It’s Diederick Santer’s turn in the Spotlight
What does he have to say as he prepares to bid farewell to Walford?
Unless you’ve lived in a black hole for the last couple of years, you should know that Diederick Santer is the current Executive Producer of EastEnders. Diederick is about to leave and hand the reins over to Bryan Kirkwood.
Charlotte took the time to interview Diederick this week before his departure.
First of all the live episode has been a huge success. You must be thrilled to be going out on such a high?
The live episode and the audience’s response to it has been everything I could have hoped for. The cast and crew were terrific - it was a brilliant piece of writing, wrapping up a great storyline, executed by a hugely accomplished crew, showcasing a number of top notch performances. And most of all, it fulfilled our ambition of creating a national event for our 25th anniversary. I’m completely thrilled, and I leave knowing that we totally nailed it.
So Stacey was Archie’s killer. What does this mean for the character of Stacey?
I think it’s very interesting for Stacey. Certainly what we have planned for the next few months will be fascinating. This week we are issuing a ’two hander’ script between Max and Stacey which we’ll complete very quickly, dropping into the running order fairly soon. It will explore the motives behind what Stacey did, and be a big test for Max. Can he forgive Stacey for what she’s done, even though it led to the death of his son? Will he turn her over to the police? One thing that we’ll be keen to show is that Stacey was lucid at the time of Archie’s death; striking him with the Queen Vic bust was not a function of her bipolar. She had sound reasons to be angry with Archie - he took advantage of her, he ruined her second chance with Bradley, he caused the chain of events which killed her best friend, he even effectively ran her beloved brother Sean out of town. All of this will be explored, as will the question of whether she really meant to kill him. For now, it stays a secret between two people, but who knows whether Max can keep it a secret forever?
Looking back over your time on the show, are there any storylines or decisions you regret making and would have liked to have done differently?
Some decisions I wish I’d made sooner. I think in my first year I was a bit timid about getting rid of characters which weren’t working. I think part of that was my feeling that the show had undergone such instablility and change in the three years prior to my arrival that I wanted to build a sense of confidence and continuity among the company. But I soon snapped out of it and did what needed to be done. Quite honestly, I don’t regret any of the big decisions. Smaller details like the execution or pacing of a particular episode or storyline bug me loads, but nothing big. And so often your hands get tied on those things. Just as a story gets interesting we have to look away because those actors are on holiday or we’ve run out of licensing hours for the kids. That happens all the time.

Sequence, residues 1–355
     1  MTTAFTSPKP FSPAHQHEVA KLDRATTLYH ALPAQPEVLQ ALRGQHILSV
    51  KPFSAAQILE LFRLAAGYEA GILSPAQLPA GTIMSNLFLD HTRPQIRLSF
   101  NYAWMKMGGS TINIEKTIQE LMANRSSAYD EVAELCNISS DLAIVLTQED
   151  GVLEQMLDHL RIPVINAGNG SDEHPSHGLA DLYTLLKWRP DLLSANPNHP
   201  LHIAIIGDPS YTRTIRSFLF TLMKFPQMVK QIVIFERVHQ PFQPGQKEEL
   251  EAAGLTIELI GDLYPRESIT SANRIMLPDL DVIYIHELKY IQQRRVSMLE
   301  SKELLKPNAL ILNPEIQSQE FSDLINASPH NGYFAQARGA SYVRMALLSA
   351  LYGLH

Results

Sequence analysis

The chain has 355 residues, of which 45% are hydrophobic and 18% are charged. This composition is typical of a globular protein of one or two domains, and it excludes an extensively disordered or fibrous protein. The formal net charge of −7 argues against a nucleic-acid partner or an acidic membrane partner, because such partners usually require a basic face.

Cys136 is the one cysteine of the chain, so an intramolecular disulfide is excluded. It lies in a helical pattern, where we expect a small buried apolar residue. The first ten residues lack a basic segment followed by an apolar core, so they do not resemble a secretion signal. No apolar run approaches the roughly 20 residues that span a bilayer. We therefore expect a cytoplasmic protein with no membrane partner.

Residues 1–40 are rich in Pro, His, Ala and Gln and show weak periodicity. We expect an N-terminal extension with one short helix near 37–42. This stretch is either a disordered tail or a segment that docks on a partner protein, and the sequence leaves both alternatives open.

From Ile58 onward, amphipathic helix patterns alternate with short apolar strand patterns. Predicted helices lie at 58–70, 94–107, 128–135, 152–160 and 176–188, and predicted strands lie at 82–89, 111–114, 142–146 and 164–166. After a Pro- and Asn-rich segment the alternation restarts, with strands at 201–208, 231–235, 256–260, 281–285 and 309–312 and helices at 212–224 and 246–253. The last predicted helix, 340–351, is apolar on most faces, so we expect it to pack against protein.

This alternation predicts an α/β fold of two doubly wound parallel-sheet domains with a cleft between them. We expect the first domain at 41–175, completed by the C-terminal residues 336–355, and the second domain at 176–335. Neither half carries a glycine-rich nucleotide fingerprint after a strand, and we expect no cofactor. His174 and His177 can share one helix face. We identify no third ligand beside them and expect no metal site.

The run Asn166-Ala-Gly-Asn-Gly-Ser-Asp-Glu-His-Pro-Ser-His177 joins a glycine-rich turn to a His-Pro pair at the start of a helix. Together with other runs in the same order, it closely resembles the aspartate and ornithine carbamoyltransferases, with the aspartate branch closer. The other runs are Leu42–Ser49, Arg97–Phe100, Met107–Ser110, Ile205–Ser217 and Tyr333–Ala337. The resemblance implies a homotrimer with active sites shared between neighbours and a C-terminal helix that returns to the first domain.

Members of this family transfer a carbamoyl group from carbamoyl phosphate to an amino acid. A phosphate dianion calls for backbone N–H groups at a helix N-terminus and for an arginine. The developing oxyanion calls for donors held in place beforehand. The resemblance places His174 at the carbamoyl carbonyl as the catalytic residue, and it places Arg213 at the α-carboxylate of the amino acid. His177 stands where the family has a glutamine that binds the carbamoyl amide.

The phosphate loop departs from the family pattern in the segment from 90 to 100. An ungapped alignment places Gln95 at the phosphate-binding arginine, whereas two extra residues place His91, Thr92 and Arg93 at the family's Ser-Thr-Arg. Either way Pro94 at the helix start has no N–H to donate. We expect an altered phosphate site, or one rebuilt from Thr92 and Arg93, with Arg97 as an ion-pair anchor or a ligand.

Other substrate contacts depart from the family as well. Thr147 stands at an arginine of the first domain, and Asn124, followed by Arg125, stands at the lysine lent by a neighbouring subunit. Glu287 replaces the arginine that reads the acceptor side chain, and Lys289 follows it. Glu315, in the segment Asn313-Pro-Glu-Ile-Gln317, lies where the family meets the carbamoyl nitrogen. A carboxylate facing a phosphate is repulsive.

What has been your proudest moment at EastEnders since becoming Executive Producer?
I felt pretty proud on Friday 19th February, steering the show to its biggest peak in seven years. I was also very proud of the reaction to the Whitney/Tony/Bianca climax. There was real value in that story, and I think we did it justice. I remember my phone waking me up at about 9.30 on Boxing Day 2007 as a very enthused BBC head of scheduling called me to tell me we’d got 14m for Christmas Day, the Max/Stacey reveal. This New Year’s Day with Syed and Amira’s wedding and the success we had with those episodes was pretty cool too.
Do you like it when the show takes risks or are there times where it’s important to play safe?
I love it when the show takes risks and I hate it when the show plays safe. One of our responsibilities as a BBC show is to be distinctive and original. That’s quite a tall order after 25 years and 4000 episodes, but we have to strive for it. I want the audience to come to their favourite show and that familiar world with familiar and much-loved characters, but then to be surprised and shocked and delighted and teased. I want watching EastEnders to be a stimulating, active, involving, infuriating, rewarding experience. And the only way to do that is to take risks. The downside of risks is that sometimes they go wrong, but if you don’t ever take them all you will acheive is mediocrity.